Concert to mark anniversary of wartime destruction of Norwich’s twin city Koblenz

PUBLISHED: 06:00 30 June 2014

Koblenz musician Anna Lina Gummersbach and Chris Lawrence prepare for the 70th anniversary of the bombing of Koblenz concert at Norwich Cathedral.
Photo by Simon Finlay.

Koblenz musician Anna Lina Gummersbach and Chris Lawrence prepare for the 70th anniversary of the bombing of Koblenz concert at Norwich Cathedral. Photo by Simon Finlay.

Archant Norfolk.

The destruction of Koblenz by Allied bombing cast a long shadow over Norwich’s twin city in Germany.

The bombing of Koblenz

The riverside city of Koblenz was virtually wiped out by Allied bombing in the Second World War.

A devastating raid on November 6, 1944 left the city centre near uninhabitable – estimated to be 87pc destroyed.

Koblenz was the location of the command of German Army Group B, but had no immediate strategic military importance. It was targeted as part of the carpet bombing strategy to weaken morale.

More than 94,000 people lived in Koblenz in 1943, but just 9,000 remained at the war’s end – with most evacuated and more than 1,000 killed.

Bombs, air mines and ensuing firestorms wreaked death and destruction in 1944, and the post-war recovery effort took more than a decade.

The twinning relationship between Norwich and Koblenz brought together two cities that suffered great harm in wartime.

And at the 70th anniversary of the bombing of Koblenz, friends from Norfolk and the Rhineland will celebrate the subsequent regeneration of both cities.

Musicians from Koblenz, Norwich and Novi Sad in Serbia – another of Norwich’s four twin towns and cities – play in the Triorca youth orchestra.

They will perform in a special concert at Norwich Cathedral on Sunday under the banner of reconciliation and regeneration.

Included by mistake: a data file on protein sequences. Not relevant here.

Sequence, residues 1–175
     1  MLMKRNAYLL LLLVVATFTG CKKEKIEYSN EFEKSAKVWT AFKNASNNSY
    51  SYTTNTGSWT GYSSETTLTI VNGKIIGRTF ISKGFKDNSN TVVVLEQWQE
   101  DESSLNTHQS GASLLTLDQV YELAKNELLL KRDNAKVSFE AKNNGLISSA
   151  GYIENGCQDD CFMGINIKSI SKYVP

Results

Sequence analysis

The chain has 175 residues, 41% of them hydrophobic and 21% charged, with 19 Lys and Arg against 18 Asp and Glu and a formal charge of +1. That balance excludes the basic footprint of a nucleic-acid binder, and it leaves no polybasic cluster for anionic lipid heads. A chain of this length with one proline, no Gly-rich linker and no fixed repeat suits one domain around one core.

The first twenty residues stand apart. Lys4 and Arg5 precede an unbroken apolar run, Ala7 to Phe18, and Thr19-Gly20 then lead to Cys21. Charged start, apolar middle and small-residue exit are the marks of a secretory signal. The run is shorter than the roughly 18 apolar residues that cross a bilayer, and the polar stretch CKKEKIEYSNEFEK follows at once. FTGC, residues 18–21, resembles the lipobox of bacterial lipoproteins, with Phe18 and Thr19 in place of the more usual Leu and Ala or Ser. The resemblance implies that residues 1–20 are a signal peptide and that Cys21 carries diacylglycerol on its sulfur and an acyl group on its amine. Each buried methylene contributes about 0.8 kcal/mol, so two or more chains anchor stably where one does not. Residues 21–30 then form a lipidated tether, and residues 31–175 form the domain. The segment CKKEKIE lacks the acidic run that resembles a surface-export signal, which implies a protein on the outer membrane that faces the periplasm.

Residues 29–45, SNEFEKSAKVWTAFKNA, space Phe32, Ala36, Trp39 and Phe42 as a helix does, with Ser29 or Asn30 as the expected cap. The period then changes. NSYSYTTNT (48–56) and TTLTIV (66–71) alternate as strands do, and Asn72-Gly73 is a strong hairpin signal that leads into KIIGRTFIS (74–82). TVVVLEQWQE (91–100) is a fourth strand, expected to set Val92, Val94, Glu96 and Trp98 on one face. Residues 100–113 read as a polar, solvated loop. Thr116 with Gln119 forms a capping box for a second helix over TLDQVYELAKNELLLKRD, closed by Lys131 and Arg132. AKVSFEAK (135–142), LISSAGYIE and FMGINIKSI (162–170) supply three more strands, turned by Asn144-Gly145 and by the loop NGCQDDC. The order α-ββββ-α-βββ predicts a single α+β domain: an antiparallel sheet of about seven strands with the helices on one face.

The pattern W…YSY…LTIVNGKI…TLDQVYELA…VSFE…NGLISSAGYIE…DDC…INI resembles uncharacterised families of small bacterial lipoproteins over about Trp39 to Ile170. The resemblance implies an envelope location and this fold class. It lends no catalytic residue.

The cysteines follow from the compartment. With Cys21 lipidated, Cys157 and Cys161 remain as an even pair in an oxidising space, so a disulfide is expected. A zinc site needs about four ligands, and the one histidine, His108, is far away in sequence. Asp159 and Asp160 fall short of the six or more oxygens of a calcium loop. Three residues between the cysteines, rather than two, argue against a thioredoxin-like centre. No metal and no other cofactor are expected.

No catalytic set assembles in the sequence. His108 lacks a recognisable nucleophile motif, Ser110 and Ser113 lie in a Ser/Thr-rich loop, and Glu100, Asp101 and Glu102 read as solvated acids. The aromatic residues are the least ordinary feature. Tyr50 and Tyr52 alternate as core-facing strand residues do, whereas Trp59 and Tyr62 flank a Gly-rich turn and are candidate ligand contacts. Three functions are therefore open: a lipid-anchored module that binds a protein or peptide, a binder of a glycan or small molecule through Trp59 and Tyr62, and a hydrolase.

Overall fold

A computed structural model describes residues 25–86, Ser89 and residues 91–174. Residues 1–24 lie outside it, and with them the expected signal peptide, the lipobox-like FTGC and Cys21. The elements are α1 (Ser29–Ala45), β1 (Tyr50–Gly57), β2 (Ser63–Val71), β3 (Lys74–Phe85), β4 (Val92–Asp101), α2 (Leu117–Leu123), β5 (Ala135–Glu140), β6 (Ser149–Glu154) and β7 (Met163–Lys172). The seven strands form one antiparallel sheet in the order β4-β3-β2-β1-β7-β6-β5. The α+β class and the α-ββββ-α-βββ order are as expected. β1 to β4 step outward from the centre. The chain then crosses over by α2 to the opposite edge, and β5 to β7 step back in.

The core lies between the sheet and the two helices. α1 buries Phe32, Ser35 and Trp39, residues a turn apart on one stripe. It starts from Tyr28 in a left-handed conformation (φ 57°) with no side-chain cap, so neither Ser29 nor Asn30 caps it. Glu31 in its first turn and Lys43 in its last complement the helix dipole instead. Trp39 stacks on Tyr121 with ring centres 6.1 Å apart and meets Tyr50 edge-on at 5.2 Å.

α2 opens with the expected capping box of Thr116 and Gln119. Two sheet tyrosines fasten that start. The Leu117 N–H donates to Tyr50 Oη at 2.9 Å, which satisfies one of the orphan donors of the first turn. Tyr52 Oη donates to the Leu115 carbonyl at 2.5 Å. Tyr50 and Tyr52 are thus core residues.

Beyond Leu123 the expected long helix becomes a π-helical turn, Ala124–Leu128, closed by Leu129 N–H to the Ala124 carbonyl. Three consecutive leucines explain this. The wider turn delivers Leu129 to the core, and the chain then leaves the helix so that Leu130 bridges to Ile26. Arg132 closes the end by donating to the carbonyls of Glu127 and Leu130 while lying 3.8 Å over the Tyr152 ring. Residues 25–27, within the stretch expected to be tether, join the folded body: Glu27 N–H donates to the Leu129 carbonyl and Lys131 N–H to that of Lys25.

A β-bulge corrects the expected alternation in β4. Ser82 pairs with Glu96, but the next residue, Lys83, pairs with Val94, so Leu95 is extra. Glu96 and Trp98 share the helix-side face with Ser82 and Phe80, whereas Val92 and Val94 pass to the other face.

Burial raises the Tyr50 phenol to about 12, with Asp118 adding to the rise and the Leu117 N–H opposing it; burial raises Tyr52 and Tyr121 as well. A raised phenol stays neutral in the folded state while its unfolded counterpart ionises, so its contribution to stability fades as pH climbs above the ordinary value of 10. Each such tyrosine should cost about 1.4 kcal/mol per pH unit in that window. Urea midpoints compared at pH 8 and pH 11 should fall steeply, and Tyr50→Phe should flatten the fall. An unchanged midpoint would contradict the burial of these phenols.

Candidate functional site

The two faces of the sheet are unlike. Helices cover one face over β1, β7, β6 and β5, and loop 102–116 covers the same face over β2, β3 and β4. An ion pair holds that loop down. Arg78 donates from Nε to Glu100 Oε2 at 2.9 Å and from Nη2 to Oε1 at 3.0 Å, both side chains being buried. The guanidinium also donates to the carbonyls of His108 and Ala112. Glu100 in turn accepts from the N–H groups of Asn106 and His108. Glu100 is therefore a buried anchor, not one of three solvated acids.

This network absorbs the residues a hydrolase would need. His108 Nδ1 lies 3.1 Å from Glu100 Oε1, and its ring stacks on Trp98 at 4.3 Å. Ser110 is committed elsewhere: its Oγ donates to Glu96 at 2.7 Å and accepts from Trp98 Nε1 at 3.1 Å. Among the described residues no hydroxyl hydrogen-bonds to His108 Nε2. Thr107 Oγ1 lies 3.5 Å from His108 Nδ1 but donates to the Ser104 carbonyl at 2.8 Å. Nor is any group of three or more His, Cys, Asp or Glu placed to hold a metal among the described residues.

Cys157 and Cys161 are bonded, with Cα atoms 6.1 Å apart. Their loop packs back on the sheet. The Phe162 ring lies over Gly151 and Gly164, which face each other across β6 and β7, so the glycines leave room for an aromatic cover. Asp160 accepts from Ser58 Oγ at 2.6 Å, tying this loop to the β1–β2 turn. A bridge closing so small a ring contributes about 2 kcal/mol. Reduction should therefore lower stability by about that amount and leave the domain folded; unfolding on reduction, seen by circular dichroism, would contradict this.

Chris Lawrence, co-organiser of the concert, said he wanted to “celebrate how far we’ve come since the destruction of Koblenz” while there were still people around who remembered the events of 1944.

Waltraud Jarrold, president of the Norfolk and Norwich Koblenz Friendship Association, said the concert would send a powerful message.

“Our motto is understanding and friendship,” she added. “It’s to overcome what should never have happened.”

Anna Gummersbach, 18, of Koblenz, will play violin in the concert. She is staying in Norwich while she completes an internship, which Mat Newnham, partner at law firm Birketts LLP, helped to arrange.

Miss Gummersbach said she had made a lot of friends in the city.

The concert will be built around Metamorphosen by Richard Strauss and will be performed by musicians including the Cavick Players, the Guastalla Quartet from London and five former members of Triorca from Koblenz and Novi Sad and one from Norwich.

Any surplus funds raised will go to the Triorca Trust.

The concert is from 7.30pm on Sunday at Norwich Cathedral. Tickets cost £12, or £6 concessions, and can be bought from Prelude Records on 01603 628319 or the cathedral shop on 01603 218323.

Norwich has formal twinning links with four towns and cities worldwide, including Koblenz.

Formal twinning documents between Koblenz and Norwich were signed in 1978, and the bond has grown.

The Norfolk and Norwich Koblenz Friendship Association (NNKFA) was founded in 1980, but school exchanges between Norfolk and the Koblenz region date back to the 1940s.

A new international youth orchestra, called Triorca, was founded around 2012.

Members from Norwich, Koblenz and Serbia will perform at Sunday’s concert.

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